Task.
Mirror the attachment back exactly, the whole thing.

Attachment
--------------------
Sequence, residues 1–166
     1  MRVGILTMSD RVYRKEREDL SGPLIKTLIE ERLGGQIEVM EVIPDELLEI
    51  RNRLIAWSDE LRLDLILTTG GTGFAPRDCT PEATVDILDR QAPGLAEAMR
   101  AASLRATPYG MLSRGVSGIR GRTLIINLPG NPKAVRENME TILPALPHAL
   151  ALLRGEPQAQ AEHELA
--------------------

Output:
Sequence, residues 1–166
     1  MRVGILTMSD RVYRKEREDL SGPLIKTLIE ERLGGQIEVM EVIPDELLEI
    51  RNRLIAWSDE LRLDLILTTG GTGFAPRDCT PEATVDILDR QAPGLAEAMR
   101  AASLRATPYG MLSRGVSGIR GRTLIINLPG NPKAVRENME TILPALPHAL
   151  ALLRGEPQAQ AEHELA